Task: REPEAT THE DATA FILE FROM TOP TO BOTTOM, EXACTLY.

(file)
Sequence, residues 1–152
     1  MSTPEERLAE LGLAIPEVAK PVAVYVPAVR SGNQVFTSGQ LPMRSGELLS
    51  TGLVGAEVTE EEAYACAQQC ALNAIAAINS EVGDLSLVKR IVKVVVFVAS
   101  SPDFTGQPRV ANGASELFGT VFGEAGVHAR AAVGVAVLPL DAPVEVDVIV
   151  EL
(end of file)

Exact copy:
Sequence, residues 1–152
     1  MSTPEERLAE LGLAIPEVAK PVAVYVPAVR SGNQVFTSGQ LPMRSGELLS
    51  TGLVGAEVTE EEAYACAQQC ALNAIAAINS EVGDLSLVKR IVKVVVFVAS
   101  SPDFTGQPRV ANGASELFGT VFGEAGVHAR AAVGVAVLPL DAPVEVDVIV
   151  EL